Darin Saul, Sustainability Center Director
With Earth Week celebrations just around the corner, the University of Idaho is right in step with progress on its Waste Management Strategic Innovation Initiative.
“Supporting greener initiatives is the right thing to do, and many of them will save money as well,” says Darin Saul, University of Idaho sustainability director and Sustainability Center director. “There are all kinds of problems associated with waste streams, namely pollution and the loss of raw materials that could have other uses.”
Saul is leading the initiative, with help from across the University, to reduce the institution’s carbon footprint.
Saul says that recycling is the second best option to achieve this goal; the ideal direction for the University to move is to minimize waste rather to expend energy to recycle – though recycling is still a major player on campus. He adds waste minimization, in addition to working towards a greener environment, is saving the University money.
“It’s best to minimize waste up front,” says Saul. “In the end, it saves money and reduces the environmental impact.”
In a current project, the Sustainability Center is partnering with campus dining to create composting on campus to minimize waste and provide needed animal bedding for campus farms. University dining has begun sorting their waste and is in the process of switching to using only compostable materials.
Saul says it is a great partnership because the University will no longer need to haul out the garbage or purchase animal bedding. While in the initial stages right now, Saul says the process is on track. The composting beds have been built and material is just beginning to be composted.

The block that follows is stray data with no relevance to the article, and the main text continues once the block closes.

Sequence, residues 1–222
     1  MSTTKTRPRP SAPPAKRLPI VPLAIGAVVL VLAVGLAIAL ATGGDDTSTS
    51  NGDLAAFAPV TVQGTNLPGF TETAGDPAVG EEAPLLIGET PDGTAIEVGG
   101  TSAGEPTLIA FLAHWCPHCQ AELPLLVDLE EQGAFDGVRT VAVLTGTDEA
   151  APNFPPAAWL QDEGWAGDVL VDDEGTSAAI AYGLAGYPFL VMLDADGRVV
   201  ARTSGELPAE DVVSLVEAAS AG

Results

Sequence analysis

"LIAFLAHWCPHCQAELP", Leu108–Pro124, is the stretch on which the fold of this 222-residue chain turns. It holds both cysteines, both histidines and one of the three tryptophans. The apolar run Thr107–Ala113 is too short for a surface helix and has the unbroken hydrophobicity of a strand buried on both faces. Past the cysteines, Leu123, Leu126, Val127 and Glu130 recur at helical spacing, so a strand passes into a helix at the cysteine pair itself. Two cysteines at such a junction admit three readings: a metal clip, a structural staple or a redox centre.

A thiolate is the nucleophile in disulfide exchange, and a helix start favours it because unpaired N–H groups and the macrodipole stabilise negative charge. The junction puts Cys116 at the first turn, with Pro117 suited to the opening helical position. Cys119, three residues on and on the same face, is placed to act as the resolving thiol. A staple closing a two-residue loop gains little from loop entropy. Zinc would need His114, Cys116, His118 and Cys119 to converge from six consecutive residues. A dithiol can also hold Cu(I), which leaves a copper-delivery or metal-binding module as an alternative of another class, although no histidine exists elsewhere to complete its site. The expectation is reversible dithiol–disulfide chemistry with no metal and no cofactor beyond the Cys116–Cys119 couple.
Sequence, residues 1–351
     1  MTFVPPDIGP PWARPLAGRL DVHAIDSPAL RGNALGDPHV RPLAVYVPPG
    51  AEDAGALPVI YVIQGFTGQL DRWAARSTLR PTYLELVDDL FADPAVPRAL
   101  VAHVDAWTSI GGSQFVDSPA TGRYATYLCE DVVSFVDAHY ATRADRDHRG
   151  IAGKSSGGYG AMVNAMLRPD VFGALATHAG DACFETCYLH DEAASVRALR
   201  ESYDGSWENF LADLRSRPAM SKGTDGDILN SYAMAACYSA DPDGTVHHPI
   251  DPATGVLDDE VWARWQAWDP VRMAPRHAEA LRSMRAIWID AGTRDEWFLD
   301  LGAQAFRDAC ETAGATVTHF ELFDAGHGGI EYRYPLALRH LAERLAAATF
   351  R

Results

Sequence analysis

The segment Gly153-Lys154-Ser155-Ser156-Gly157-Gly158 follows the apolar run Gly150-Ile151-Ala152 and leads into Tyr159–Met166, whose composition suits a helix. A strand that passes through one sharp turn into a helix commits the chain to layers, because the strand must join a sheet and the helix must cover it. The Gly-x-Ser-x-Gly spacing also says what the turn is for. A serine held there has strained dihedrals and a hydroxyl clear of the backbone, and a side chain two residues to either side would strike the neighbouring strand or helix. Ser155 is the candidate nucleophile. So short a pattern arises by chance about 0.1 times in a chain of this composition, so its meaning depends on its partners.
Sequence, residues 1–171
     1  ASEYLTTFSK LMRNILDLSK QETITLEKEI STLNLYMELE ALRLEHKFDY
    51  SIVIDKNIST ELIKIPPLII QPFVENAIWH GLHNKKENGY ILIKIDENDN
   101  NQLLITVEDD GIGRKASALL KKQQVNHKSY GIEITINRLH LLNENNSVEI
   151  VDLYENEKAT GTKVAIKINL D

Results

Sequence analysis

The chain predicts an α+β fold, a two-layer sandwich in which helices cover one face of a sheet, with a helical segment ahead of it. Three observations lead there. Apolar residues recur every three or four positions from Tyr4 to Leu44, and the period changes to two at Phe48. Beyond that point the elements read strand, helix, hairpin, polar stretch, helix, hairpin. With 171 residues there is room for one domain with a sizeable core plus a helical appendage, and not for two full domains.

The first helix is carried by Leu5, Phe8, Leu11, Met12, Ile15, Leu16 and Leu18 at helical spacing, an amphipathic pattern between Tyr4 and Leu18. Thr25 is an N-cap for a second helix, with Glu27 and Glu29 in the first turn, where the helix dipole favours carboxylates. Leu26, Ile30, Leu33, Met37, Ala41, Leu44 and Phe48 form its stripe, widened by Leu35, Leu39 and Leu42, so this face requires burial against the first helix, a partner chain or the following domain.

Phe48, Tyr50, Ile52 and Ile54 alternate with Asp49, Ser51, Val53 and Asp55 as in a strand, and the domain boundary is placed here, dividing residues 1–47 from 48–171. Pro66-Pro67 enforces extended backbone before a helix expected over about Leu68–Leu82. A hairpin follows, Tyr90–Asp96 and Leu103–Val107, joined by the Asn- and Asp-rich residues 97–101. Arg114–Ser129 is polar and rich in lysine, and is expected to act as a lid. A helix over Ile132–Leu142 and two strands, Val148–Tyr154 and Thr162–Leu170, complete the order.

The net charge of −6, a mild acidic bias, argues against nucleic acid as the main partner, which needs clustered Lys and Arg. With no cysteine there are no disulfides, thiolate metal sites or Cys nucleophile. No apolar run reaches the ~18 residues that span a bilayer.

“We’re really excited to see this project take off,” says Saul. “This will make a positive impact on the University’s waste minimization and help out the University farms.”
The University also is working toward purchasing only Energy Star products and working with vendors to switch over to e-billing to reduce the paper trail. In addition, the Sustainability Center is encouraging more information and forms be put online.
“We have a few departments that are making the move, like Human Resources and Risk Management, making it easier to file paperwork, but now we’re scaling it up,” says Saul.
While not as good as minimizing waste, recycling still is important, and the Sustainability Center has coordinated with classes in several departments, the Greek system and student volunteers to initiate Tailgate Recycling last fall. Not only did volunteers run recyclables to a separating trailer, they also cleaned up the parking lot after tailgaters went into the game.
Saul says students are key to a lot of the initiative’s goals, by providing volunteer workers and by using key problems as classroom exercises, like the tailgate recycling program and improving the recycling system on campus.
Also under the initiative, the University is moving towards only purchasing paper that is made from at least 30 percent recycled material and reducing paper waste by putting the faculty and staff newsletter, the Register, online. Not only has the electronic version saved money in printing and mailing costs, but the University does not have to pay to dispose of or recycle the paper after consumers are finished reading it.
The Sustainability Center also received a $25,000 EPA grant that will help implement several projects, once funding is released in May.
“We’ll be working hard over the summer, so we can hit the ground running this fall,” says Saul.